If I’m honest, I’m also silently (not really very realistically) nervous something might go wrong. So much depends on me. Ollie would of course cope and have support but so much is in my head. The mental load of the primary carer is all consuming. If you’re the primary care giver to your family, you will I know, feel the pressure too. It’s not just the every day things like getting everyone to school on time or making sure you all have clean clothes. I fall short on this one quite regularly. Bella often asks me “Mummy, why are you wearing that same top again?”. I just laugh to myself. It’s also all the other small intricate things that need doing like remembering to order and collect your child’s medication or personal items or dress up day at three different schools. Who needs to be where and when and with what? All the conversations you have had with various professionals and which elements need to be relayed in the next meeting with a different professionals because it is so very rare to have a multidisciplinary meeting.

When these thoughts creep in, I try to stay in the moment. Thinking too far into the future or thinking over things which haven’t happened and are unlikely to happen, doesn’t do anyone any good. Least of all me or you.

The fear a parent of any child but especially the parent of a child with special needs feels is astronomical. The fear your wont be there. The fear you wont be there for the child who will need you for their lifetime. It’s so overwhelming. So overwhelming, you put off the things needed to keep you healthy and in the game and with them for as long as possible. I always say, I’ve got no choice, I’m going to have to live to 100 and be incredibly healthy.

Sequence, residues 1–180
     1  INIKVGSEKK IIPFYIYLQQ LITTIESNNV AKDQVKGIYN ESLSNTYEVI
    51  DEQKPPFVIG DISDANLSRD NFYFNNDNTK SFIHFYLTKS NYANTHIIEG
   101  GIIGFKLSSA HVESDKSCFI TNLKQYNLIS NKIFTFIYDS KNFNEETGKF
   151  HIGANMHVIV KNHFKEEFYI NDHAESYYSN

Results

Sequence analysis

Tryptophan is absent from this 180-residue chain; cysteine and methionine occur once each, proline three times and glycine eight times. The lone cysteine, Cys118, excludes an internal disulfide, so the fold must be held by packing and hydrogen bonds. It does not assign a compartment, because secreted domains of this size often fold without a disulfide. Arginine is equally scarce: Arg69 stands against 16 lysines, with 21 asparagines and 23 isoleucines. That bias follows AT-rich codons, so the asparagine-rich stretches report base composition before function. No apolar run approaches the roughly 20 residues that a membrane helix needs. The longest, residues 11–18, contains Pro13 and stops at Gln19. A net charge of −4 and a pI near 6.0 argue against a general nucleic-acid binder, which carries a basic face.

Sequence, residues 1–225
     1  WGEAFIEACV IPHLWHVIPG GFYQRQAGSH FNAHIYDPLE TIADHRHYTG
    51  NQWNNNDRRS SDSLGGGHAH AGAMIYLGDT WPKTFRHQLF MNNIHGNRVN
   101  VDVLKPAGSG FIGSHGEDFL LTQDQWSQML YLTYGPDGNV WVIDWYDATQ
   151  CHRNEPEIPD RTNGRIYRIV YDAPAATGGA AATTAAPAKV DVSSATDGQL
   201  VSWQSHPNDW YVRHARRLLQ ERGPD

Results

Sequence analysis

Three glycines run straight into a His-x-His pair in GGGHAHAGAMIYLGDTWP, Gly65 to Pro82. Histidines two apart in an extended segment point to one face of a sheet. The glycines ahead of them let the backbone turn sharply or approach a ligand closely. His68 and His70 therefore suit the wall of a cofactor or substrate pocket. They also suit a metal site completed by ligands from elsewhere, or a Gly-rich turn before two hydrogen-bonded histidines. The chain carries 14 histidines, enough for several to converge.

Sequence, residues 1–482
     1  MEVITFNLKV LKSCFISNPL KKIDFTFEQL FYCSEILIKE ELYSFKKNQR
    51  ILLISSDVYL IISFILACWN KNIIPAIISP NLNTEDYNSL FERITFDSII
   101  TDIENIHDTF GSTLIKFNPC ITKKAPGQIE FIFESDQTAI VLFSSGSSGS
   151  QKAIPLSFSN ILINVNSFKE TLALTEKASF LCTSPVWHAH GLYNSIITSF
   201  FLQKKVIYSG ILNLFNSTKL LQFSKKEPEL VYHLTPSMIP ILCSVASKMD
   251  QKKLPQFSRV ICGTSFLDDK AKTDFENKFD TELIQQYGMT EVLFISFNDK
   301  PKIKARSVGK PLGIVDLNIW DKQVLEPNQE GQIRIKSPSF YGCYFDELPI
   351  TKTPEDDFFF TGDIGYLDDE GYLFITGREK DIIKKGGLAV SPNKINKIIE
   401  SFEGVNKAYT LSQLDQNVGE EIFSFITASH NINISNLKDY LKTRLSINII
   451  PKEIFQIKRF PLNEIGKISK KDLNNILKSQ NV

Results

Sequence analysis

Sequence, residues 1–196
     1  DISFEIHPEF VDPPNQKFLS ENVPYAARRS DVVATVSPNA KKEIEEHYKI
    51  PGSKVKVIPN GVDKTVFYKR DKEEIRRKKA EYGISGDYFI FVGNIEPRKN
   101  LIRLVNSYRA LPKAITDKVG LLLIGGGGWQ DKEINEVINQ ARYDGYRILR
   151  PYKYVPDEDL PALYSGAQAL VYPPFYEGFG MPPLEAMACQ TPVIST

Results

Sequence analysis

Anyway, it’s a simple hernia op with a very experienced surgeon, so I’m focussing on the facts I have and the preparation I’ve done.

If you have a medical issue, physical or mental that you have been putting off, I’m telling you now to get it sorted. Don’t wait and delay. Take the same attitude you have towards the health care needs of your child. You would move heaven and earth to get them what they need, to get them well or improved. Use that same focus for you. My children need me and yours need you.

If you prefer to listen to content whilst out walking your dog, driving on your car or doing household chores, you can check out the CEO of My Special Needs Family Podcast here.

Take Care

Aimée

What to do next…

This topic is part of the Getting Yourself Heard, Become A Velvet Bulldozer Workshop. The next live event is going to be held in Leamington Spa on February 28th. Here is a link to booking your ticket.

If you can’t join me on a live workshop (click here to learn more about, What Is a Live Workshop) you will very soon be able to take part on-line. My on-line learning course – Getting Your Voice Heard, is almost ready for launch. To stay up to date, drop me a line, like my facebook page and sign up for my  Mentoring Newsletter

You can also join my Facebook community of SEN Parents for regular mentoring and support. Search for CEO of My Special Needs Family and request to join.